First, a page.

The utilisation of reed (Phragmites australis): A review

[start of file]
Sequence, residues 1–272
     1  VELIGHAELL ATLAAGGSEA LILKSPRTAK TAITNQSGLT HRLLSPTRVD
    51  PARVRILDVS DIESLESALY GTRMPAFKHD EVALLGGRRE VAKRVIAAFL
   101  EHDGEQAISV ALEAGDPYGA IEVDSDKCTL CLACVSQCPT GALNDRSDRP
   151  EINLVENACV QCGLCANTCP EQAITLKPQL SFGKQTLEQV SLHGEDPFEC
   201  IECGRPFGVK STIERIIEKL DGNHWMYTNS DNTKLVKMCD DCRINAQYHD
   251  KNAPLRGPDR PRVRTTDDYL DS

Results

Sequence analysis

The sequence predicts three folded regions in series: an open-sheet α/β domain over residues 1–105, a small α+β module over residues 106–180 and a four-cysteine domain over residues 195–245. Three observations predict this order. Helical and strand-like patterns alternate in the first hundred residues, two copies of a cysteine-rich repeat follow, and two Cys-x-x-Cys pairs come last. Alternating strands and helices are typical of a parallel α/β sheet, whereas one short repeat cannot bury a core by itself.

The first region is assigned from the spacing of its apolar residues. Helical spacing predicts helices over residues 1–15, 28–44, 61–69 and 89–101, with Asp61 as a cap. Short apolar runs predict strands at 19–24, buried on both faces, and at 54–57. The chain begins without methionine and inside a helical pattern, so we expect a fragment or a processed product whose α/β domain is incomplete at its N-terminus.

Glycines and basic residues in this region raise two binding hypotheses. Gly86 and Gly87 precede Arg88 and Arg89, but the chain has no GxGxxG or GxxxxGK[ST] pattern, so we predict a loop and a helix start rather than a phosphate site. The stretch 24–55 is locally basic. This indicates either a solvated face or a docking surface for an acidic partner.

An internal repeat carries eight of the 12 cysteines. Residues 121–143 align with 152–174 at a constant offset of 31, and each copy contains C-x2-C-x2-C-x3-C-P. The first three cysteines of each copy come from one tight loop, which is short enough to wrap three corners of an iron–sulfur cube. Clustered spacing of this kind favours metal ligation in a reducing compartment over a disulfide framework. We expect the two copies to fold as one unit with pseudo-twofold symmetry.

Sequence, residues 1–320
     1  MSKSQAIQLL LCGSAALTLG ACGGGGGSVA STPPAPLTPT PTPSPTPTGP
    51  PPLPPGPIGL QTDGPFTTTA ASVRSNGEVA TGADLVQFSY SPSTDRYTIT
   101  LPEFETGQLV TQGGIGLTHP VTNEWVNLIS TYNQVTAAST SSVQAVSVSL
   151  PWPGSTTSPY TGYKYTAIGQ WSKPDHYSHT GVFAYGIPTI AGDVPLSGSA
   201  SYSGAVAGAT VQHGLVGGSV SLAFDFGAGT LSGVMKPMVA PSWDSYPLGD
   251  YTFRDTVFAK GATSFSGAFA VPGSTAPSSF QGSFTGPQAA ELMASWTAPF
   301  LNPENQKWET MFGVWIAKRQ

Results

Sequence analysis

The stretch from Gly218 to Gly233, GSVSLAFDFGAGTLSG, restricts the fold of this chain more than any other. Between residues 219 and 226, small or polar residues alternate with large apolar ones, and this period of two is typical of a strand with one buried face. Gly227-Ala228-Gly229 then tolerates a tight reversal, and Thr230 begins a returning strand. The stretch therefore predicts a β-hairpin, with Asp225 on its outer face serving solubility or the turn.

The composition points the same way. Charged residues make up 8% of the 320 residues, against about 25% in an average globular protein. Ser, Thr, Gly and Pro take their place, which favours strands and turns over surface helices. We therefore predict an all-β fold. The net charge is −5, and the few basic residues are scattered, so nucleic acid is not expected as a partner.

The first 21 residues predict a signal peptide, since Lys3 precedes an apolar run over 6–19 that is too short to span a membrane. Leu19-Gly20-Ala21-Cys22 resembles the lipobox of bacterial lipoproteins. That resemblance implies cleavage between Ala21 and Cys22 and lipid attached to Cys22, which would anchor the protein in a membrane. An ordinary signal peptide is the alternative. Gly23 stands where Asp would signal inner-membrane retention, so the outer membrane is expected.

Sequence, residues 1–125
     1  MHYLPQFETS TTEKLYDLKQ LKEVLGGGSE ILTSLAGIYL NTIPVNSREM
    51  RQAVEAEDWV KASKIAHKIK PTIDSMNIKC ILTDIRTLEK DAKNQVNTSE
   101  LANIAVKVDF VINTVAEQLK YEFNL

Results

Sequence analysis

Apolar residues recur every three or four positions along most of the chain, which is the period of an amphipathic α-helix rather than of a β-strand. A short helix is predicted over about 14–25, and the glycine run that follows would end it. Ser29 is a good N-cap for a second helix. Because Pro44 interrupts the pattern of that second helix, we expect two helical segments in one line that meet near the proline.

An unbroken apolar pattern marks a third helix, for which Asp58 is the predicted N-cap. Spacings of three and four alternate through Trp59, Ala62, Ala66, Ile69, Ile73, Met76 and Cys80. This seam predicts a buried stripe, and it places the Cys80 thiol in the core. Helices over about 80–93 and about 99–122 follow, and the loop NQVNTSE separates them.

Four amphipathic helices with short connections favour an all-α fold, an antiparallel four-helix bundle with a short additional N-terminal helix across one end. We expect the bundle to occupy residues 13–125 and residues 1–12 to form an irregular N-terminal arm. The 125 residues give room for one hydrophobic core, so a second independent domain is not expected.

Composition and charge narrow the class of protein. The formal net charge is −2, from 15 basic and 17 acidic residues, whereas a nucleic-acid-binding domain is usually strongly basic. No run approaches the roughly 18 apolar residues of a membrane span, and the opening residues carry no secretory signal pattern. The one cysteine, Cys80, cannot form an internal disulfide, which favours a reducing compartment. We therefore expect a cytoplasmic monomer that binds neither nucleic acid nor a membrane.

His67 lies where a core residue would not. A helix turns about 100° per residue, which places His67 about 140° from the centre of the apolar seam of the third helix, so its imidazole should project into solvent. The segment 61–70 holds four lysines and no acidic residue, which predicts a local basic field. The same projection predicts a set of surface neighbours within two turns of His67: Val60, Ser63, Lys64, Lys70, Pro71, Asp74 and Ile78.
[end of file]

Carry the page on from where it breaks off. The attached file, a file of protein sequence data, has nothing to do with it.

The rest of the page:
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Reed (Phragmites) is a wetland plant genus that has been utilised by man since ancient times. It is a tall, thin, highly productive grass (Poaceae) with an above-ground biomass of up to 30 t ha -1 y-1. Due to its world-wide dominance, it is often cheap and readily available as a raw material. Reed has been used for centuries as a fodder plant in summer, and the stems have traditionally been harvested in winter as a raw material for crafts and for construction materials including roofing. It became popular for pulp and paper production in the middle of the twentieth century and, in recent years, has been used in sewage water treatment and as a source of renewable energy that is unlikely to compete with food production. This article explores the global extent of reedbeds and potential yields; and catalogues historical uses of reed, forgotten applications and new opportunities for its utilisation. Quality requirements, products and related stand management (such as harvesting time) are also reviewed.